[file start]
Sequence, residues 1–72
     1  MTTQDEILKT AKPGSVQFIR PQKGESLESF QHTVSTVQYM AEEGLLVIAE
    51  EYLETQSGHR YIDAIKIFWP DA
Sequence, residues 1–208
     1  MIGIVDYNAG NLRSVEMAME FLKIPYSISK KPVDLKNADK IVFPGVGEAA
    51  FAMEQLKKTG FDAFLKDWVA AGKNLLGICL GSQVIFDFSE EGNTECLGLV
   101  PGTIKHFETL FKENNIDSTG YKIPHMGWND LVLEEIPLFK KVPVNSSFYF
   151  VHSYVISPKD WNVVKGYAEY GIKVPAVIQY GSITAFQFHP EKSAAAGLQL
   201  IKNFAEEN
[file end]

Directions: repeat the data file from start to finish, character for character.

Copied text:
Sequence, residues 1–72
     1  MTTQDEILKT AKPGSVQFIR PQKGESLESF QHTVSTVQYM AEEGLLVIAE
    51  EYLETQSGHR YIDAIKIFWP DA
Sequence, residues 1–208
     1  MIGIVDYNAG NLRSVEMAME FLKIPYSISK KPVDLKNADK IVFPGVGEAA
    51  FAMEQLKKTG FDAFLKDWVA AGKNLLGICL GSQVIFDFSE EGNTECLGLV
   101  PGTIKHFETL FKENNIDSTG YKIPHMGWND LVLEEIPLFK KVPVNSSFYF
   151  VHSYVISPKD WNVVKGYAEY GIKVPAVIQY GSITAFQFHP EKSAAAGLQL
   201  IKNFAEEN